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Difference Between Concentration And Meditation

We are living in a dynamic world, where every particle is in constant flux. We cannot imagine a state where there is no action or movement. Even the apparent state of inaction reveals intense activity when analyzed scientifically. Still, there is an urge in man to be calm and silent without any activity, which induces him to go into the state of deep sleep every day. Meditation is an attempt to reach that state consciously, gradually reducing the number of thoughts and finally retaining only one thought in the mind.

Meditation is a special kind of concentration. In ordinary concentration, the mind is focused on one particular subject, and there can be many divergent thoughts related to that particular subject. Here the subject is one, but thoughts are many and dissimilar.

For example, if one is reading a book on electricity and if his mind is concentrated, all his thoughts would centre on electricity alone. But in meditation there should be one subject and one thought related to that. Regarding this special kind of concentration,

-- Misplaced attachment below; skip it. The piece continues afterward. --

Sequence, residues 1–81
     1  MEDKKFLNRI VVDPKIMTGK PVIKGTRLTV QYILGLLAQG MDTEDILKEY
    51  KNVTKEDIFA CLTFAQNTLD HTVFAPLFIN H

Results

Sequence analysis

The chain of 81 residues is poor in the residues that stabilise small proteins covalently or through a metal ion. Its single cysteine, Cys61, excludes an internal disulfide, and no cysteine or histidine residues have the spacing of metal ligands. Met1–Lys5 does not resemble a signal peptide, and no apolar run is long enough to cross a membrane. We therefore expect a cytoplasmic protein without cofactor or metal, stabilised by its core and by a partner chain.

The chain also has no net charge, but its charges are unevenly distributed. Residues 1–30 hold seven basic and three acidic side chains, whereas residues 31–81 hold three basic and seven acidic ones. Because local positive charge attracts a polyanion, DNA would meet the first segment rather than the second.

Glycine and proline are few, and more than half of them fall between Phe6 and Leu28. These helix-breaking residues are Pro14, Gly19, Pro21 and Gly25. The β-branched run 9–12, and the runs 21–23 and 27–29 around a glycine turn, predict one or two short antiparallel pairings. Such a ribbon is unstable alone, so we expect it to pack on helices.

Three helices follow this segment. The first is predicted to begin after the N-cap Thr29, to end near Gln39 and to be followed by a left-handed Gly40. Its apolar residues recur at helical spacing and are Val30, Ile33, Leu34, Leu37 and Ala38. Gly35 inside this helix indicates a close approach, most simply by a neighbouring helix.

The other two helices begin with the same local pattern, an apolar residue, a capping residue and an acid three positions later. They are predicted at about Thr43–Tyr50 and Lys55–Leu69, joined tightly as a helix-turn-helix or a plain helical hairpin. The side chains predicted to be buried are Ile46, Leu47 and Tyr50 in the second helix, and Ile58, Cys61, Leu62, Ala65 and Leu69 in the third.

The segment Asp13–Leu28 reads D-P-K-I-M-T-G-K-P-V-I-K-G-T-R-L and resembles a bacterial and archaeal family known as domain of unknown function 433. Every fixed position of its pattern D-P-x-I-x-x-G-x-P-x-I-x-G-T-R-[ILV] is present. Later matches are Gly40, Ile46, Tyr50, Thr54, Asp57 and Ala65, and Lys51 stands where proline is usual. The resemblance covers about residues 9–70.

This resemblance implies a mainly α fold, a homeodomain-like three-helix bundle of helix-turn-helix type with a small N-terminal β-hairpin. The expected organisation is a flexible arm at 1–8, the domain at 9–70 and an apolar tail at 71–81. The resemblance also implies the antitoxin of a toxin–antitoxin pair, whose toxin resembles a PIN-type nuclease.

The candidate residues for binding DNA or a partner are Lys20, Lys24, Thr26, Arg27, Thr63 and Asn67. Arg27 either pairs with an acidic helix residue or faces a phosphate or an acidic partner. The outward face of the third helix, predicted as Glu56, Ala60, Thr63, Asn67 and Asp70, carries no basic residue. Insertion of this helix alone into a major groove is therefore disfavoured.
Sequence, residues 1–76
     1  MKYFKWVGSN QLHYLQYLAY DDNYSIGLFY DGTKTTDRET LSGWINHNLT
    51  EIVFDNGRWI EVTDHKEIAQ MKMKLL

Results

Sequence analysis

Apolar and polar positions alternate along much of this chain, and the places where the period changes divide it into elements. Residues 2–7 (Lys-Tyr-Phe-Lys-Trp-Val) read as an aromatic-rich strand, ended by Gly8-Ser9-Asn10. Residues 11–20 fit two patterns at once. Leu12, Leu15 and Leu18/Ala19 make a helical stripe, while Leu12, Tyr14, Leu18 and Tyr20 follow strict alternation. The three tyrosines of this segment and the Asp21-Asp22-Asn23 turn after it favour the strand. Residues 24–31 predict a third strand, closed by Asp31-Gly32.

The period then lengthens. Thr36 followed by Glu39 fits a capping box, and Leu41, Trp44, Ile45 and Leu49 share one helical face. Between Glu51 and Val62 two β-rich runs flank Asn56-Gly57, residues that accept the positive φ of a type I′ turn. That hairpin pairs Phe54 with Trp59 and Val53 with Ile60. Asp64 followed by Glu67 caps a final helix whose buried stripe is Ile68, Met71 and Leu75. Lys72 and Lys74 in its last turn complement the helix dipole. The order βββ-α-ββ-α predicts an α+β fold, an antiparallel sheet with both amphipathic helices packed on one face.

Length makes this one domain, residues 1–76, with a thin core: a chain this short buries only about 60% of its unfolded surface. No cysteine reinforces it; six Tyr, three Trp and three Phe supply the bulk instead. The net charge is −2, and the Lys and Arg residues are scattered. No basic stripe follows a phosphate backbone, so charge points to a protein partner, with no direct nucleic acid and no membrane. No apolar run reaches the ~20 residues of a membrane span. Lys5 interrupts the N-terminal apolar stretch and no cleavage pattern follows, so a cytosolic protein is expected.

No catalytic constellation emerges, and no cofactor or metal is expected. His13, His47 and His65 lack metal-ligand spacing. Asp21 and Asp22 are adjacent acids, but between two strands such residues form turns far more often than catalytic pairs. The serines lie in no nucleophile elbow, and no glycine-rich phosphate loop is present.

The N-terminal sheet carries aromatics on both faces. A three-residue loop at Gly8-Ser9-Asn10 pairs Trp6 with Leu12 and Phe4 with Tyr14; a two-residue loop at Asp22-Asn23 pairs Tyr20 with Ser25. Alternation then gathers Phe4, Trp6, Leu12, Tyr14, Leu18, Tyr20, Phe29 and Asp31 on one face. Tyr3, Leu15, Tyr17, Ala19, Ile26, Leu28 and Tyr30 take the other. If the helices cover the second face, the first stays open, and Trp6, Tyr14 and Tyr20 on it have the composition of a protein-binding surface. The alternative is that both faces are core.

Swami Yatiswarananda says:

It is important to know the difference between ordinary concentration and meditation. By the word ‘meditation’ we mean dhyana or contemplation. It is not just ordinary concentration. It is a special type of concentration. In the first place, meditation is a fully conscious process, an exercise of the will. Secondly, meditation means concentration on a spiritual idea which presupposes that the aspirant is capable of rising above worldly ideas. And finally, meditation is done usually at a particular centre of consciousness. It is clear that true meditation is a fairly advanced state, attained after long practice. It is the result of long years of discipline.

Source - Excerpts from article titled 'Meditation According to Hinduism' by Swami Nityasthananda published in the May 2005 issue of Prabuddha Bharata magazine.